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The State of Freight Today (Coronavirus Effects)?

ATeam

Senior Member
Retired Expediter
Offline
As former expediters, now retail business owners (gym), Diane and I are looking to EO to get a better sense of the true state of things. We realize we're in the midst of rapidly developing and rapidly changing pandemic situation. Still, the state of freight has always been a good economic indicator. Are expediters busy? Slow? Some busy, some slow depending on the kind of freight you haul?

In our gym business, about half of the Anytime Fitness gyms in the U.S. have been closed by government mandate. Our gym is still open but we would not be surprised to be closed by the state. That's quite something; being legally prohibited from operating a gym, but legally required to pay your ongoing bills. And we have staff to think about too. All the big-box gyms in our area have closed. They all laid off their staff. Diane and I are disinclined to do that. We want to keep our great people close and employed for as long as possible. While we remain open, sales have slowed. People are scared and are purchasing less than before. Gym use continues at about 80% of normal levels. Because we're a small gym, we can practice social distancing and virus mitigation in ways the larger gyms cannot. Understandably, certain people in high-risk categories are staying home. We have a way to work with members online, so even if the gym is closed, we still have one profit center to focus on.

At present, the general public conversation seems to include an underlying assumption that things will get back to normal at some point, after the virus moves through. I'm thinking different. I'm thinking the impacts are already so profound that fundamental assumptions about our economy, our way of life, the role of government, the way we do business, etc. will change.

Logistics-wise, we saw the shortages coming and stocked up early on toilet paper, hand soap and hand sanitizer, so we're in good shape. We've been able to order all other goods and all have been promptly delivered by UPS, FedEx, Amazon Prime and the occasional "off-brand" truck. We have a heavy load of carpeting on order (club remodeling coming soon). Unsure how current conditions will affect that delivery. We had plans to order in new, heavy-freight fitness equipment as part of our expansion but that's on hold for the moment.

With many thousands of gyms of all brands closing or being forced to close, that's going to have an impact on freight. So too with restaurants, trade shows, schools and everything else that is closing. Expediters are closer to the front lines of the economy than anyone we know. What are you experiencing? What is your response? What is your economic outlook (not political outlook please)? Do you expect to be in business in 30 days? 90 days, 365 days? Do you expect to be flush with cash as you meet the nation's expedited freight needs? Are you staying home to avoid becoming sick and alone out on the road?
 
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piper1

Veteran Expediter
Owner/Operator
Offline
I can say this Phil, I have gone into a cash protection mode. I have always believed in having a substantial cash buffer and good credit availability so you can ride out any sudden things. This however while sudden to appear is likely going to affect things for a while so I am preserving cash as much as I can.

Things seem to change day by day and everything is VERY dependent on rates. I will not burn through my cash just to stay running.

I was kind of surprised Anytime didn't tell all thier gyms to shut.....with a press release using the phrase "out of an abundance of caution". If that was the phrase for a drinking came the whole world would be completely drunk by now.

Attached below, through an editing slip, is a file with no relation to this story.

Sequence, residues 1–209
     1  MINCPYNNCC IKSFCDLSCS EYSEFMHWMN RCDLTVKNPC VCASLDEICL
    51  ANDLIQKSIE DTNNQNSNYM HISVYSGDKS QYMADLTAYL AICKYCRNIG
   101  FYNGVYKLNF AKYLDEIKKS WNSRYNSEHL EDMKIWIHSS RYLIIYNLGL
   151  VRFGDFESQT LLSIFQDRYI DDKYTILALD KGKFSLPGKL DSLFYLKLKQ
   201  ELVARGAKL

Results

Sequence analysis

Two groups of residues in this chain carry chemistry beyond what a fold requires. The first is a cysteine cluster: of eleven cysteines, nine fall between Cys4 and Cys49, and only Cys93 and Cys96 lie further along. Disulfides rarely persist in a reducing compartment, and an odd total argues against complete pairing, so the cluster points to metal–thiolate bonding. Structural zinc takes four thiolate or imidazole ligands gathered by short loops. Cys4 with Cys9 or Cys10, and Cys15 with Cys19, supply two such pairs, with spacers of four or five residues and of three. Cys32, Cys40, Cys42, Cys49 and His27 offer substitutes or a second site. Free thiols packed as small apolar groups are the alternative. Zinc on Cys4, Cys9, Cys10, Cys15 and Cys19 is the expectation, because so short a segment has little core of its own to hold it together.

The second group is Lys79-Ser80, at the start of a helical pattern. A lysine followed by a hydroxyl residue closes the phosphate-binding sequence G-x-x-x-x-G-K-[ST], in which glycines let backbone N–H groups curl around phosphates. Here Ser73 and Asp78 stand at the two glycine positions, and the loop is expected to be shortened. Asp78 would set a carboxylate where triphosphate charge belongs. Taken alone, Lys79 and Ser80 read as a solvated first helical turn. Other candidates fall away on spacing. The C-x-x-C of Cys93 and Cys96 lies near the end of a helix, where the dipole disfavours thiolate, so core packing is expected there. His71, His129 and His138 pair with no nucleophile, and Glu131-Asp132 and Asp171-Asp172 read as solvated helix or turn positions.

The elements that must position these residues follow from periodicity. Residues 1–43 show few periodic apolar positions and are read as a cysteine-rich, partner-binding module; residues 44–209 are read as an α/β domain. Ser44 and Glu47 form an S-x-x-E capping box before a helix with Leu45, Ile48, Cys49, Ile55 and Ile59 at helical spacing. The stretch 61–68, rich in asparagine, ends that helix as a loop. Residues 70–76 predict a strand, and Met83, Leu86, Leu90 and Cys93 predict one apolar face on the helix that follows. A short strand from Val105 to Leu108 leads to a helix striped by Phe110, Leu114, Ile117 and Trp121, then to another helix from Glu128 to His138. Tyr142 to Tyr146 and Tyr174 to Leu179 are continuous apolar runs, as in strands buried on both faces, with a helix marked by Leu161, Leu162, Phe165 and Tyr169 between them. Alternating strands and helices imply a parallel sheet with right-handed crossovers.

Worn Out Manager

Veteran Expediter
Owner/Operator
US Air Force
Offline
Let me correct the "I don't know" portion of my reply. being that I am sitting in Boise Idaho looking for freight and seeing one state after another such as California restrict businesses from even opening their doors, I wonder if I don't find something to deliver that is considered a health emergency delivery I may have to rent an apartment here.

Sent from my moto z3 using EO Forums mobile app
 

coalminer

Veteran Expediter
Retired Expediter
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Well now the state of Florida has said all restaurants must close dining rooms(take out and delivery only) and all gyms to close.
 

ATeam

Senior Member
Retired Expediter
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Well now the state of Florida has said all restaurants must close dining rooms(take out and delivery only) and all gyms to close.
That is correct. By order of the governor, our gym was closed Friday afternoon. On Saturday, normally a busy shopping day, our strip mall parking lot was empty. While many of our neighboring businesses were not required to close, most did, because nobody was coming.
 

piper1

Veteran Expediter
Owner/Operator
Offline
Bright side, at least you can put the carpet down now without disturbing your membership (if it shows up).
 

davekc

Senior Moderator
Staff member
Fleet Owner
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Freight is steady with relief freight but waiting for the show to drop. Did some entertainment stuff and that came to a stop. Will resume, but no.idea when. We are in good shape but have concerns for others if it is stretched out over a good stretch of time.
 
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Bruno

Veteran Expediter
Fleet Owner
US Marines
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Things was just starting to pick up for us until the shutdowns came. We lost two teams from it. New drivers for us can't even go to class at our carrier until April 13th. I pray that no expedite driver gets sick from this nasty stuff.
 
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ATeam

Senior Member
Retired Expediter
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The FL governor closed all gyms on 3/20. On 4/1, he issued his "Safer At Home" order which restricts everyone to staying at home for 30 days. There are exceptions for essential activities and services. The list is quite broad (healthcare workers, first res ponders, financial services people, realtors, truckers/delivery, construction workers, IT people and many more. But many other people (including Diane, me and our gym staff) are "safer" at home -- restricted there -- for 30 days.